Most new houses that are built in groups, or which are in close proximity to other buildings, will not use septic tanks.
If a connection to the local sewerage system is possible, most property developers will do the work that’s required to avoid needing septic tanks.
However, a new build property is not immune from needing a septic tank. If it is located in a sparsely populated rural area, there is every chance that a septic tank will be the main sewerage system for the property.
To find out for sure, ask the person responsible for selling the property. A drainage and water search may also be useful to help you see how close the property is to an active sewer line.
Buying A House With A Shared Septic Tank
If you are buying a property with a septic tank that’s only used by the property in question and sits entirely on the properties land, the process is relatively simple.
However, if you are buying a property with a shared septic tank, things get a little more complex.
In such cases, there will usually be an agreement in place that outlines who is responsible for the maintenance of the tank and what costs are involved for everyone who uses it.
If such an agreement is already in place you’ll need to be sure you’ve read and understood it. It would also be a good idea to ask your conveyancing solicitor to check over the wording of the document too.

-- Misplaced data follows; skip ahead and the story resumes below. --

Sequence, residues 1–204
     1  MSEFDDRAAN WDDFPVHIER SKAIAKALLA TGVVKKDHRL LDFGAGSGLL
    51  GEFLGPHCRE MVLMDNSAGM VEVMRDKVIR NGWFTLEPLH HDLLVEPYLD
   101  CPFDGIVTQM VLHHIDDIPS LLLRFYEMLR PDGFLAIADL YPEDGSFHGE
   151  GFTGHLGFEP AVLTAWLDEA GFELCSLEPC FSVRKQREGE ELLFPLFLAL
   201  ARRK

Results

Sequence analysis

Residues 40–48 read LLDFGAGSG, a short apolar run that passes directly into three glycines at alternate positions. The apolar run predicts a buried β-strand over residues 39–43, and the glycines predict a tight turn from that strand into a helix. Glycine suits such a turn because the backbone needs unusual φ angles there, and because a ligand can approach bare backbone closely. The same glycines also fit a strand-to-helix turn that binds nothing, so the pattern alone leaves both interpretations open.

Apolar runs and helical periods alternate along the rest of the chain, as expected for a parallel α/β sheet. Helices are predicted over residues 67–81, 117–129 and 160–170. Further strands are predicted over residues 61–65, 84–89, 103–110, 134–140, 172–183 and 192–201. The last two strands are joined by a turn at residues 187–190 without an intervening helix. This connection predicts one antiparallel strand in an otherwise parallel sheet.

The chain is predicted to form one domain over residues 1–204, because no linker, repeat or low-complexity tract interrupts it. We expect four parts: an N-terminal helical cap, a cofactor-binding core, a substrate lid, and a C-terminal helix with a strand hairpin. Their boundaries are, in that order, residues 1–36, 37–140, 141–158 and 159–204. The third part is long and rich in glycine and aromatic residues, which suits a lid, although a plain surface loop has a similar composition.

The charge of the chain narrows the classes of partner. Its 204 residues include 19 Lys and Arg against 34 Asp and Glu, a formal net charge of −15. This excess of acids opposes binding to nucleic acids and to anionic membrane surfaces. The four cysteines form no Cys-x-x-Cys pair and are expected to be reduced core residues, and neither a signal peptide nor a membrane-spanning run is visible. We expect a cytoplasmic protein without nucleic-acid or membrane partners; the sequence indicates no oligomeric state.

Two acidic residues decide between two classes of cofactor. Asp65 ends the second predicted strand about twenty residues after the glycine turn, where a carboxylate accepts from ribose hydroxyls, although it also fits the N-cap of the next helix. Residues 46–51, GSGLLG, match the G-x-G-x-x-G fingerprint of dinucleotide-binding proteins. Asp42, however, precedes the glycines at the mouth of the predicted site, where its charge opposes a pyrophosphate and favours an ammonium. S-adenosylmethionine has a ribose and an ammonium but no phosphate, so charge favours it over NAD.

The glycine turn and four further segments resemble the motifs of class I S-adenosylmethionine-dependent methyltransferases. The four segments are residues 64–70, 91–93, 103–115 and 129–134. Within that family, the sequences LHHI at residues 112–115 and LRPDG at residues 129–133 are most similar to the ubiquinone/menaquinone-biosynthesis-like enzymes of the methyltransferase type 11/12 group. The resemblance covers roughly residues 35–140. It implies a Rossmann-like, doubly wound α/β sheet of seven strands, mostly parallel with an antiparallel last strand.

If there is no existing agreement, your solicitor will probably advise that one is drafted up. This may delay the process of buying the property as you’ll need the document to be drafted and then agreed and signed by all parties it effects.
Do You Need Planning Permission To Replace A Septic Tank?
The official guidance on this is a little vague. In most cases, only the installation of a new septic tank will require planning permission.
Simply replacing an old septic tank with a new one, with no significant changes to the location will not require planning permission in most cases. However, it can vary depending on which council the property falls under. You’re therefore advised to contact your local planning department for the avoidance of any doubt.
Replacing a septic tank with a connection to the local sewerage system is rarely an option but would require the approval of the water board before it can go ahead.
So, Should You Buy A House With A Septic Tank In The UK?
As you can see, there is no clear answer to the question of whether you should buy a house with a septic tank in the UK.
In most cases, we would say that if you have found your dream home, a septic tank should not stop you from going ahead.
Just be sure you do your research to find out the exact condition of the tank, how well it has been maintained, how regularly it will need emptying, and so on. This will help you to avoid any nasty surprises after you have moved in.
Of course, if after reading this article you still have doubts, a property with a septic tank may not be right for you. However, you may have to abandon any desires to live remotely if you want to be connected to a proper sewerage system.